Family loses rockfall fatality case
The Onishis are still trying to compel the city to act to prevent a similar tragedy
The city was not at fault for the 5- to 10-ton boulder that tumbled down a Nuuanu hillside and crashed into the Patrick Onishi home, killing his 26-year-old daughter four years ago, a jury has found.
A Circuit Court jury deliberated for about four hours last week and yesterday before rejecting the family's request for at least $1.8 million in damages, and absolving the city of negligence in the Aug. 9, 2002, accident.
Yale graduate Dara Onishi died after being hit by the boulder as she slept in the Henry Street home the family has lived in for more than 30 years.
"The city didn't do anything to cause that boulder to fall," Deputy Corporation Counsel Marie Gavigan said afterward. "It was an unfortunate situation but the city was not liable."
The Onishis contend that the city was responsible for a drainage system that ran along Pacific Heights Road and under private land above them that dumped rainwater into a culvert in the Onishis' back yard, eroding the soil and causing the boulder to fall. The city maintained the drainage system had nothing to do with causing the boulder to dislodge.
Patrick Onishi said his family is disappointed in the jury's decision but that they sued the city for the right reasons.
Their daughter had wanted to leave this world a better place, and it is a value they discussed in deciding whether to move forward with the suit, he said. In the end it was a matter of principle.
"We strived to do the right thing, and we put ourselves at risk and knew it would have to be argued in court," Onishi said.
They had refused to accept the city's offer to settle because the city was not willing to stop the water from being dumped from their back yard or to formalize the easement, he said.
FL MORRIS / FMORRIS@STARBULLETIN.COM
The verdict was read yesterday in the Onishi family's lawsuit against the city. Patrick, left, Gail and Blaine Onishi listened as the jurors were polled after the city was cleared of blame for Dara Onishi's death.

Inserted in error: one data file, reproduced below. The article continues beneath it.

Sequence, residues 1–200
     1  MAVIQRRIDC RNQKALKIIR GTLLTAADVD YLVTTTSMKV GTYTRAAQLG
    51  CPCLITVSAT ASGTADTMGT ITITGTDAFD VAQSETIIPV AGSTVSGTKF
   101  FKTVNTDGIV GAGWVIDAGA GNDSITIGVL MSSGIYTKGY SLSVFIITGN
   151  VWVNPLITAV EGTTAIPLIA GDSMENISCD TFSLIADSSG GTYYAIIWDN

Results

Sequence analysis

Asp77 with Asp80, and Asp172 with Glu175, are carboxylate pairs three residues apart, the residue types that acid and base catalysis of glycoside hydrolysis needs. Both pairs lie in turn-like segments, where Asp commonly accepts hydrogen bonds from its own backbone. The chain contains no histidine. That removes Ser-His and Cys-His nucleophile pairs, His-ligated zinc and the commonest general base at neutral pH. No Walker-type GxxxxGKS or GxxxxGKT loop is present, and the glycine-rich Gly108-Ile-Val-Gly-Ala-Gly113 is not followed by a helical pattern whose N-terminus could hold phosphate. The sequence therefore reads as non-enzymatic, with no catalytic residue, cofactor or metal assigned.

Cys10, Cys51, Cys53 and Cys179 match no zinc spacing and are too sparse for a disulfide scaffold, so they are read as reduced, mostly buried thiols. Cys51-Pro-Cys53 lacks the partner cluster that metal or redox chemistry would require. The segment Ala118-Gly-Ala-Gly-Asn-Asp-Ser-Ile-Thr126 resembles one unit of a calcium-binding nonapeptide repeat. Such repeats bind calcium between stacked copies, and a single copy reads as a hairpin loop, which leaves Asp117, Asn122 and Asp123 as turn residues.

That is because the city knew other residents face the same rockfall hazards that they have lived with, and "if they acknowledged our case, it would set a precedent," Onishi said.
"For a family to go through the loss and know others are in the same conditions and the city is unwilling to acknowledge, this is an unconscionable position to take," he said.
At the least, the city should notify residents who face similar hazardous conditions, and let them decide. "For them to move ahead with business as usual, I think, is wrong," Onishi said.
As a former planning director with the city for four years, Onishi said he observed city officials dealing with such issues before, and it required using some sensibilities, particularly if the community was at risk.
"I'm not saying the city is bad people, but some of the methods they use in making decisions and the action that follow aren't well conceived," he said.
City attorneys could not be reached to comment.
Despite the loss, the Onishis are not done. In a separate pending court matter, they and their neighbors are asking a judge to order the city to remove two more boulders that lie in the drainage ditch above their homes. Experts retained by the Onishis and two neighbors have recommended that they vacate their homes. Just 10 days after Dara Onishi was killed, the landowner discovered and removed two other boulders in the drainage path.
STAR-BULLETIN / AUGUST 2002
Workers including Ben Poblete, attempt to break up and remove a boulder from the basement of 2527-A Henry St., where Dara Onishi died four years ago.
The Onishis had settled earlier with the Vaughan Trust, owner of the land that the drainage pipe runs through before dumping water into the Onishis' back yard, but most of the confidential settlement went toward rockfall mitigation work on the Vaughan property.
The Onishis have agreed to put up a $200,000 fence to protect them and their neighbors from falling boulders, and to pay for the removal of two boulders discovered in the drainage path that have been threatening their homes since. Their expenses have far exceeded the amount they settled for, and do not include their costs in this lawsuit.
It has been a long four years for the family since his daughter died, Onishi said. From their experience, they learned that "you can't just fight City Hall," said Gail Onishi in a prepared statement.
She noted that some good has come from their tragedy, in that the state, private trusts and individuals have become more responsible and are taking action to prevent lives from being lost.
Also, an endowment fund was established at Yale in Dara Onishi's name to offer summer scholarships for students to work with at-risk children in the community.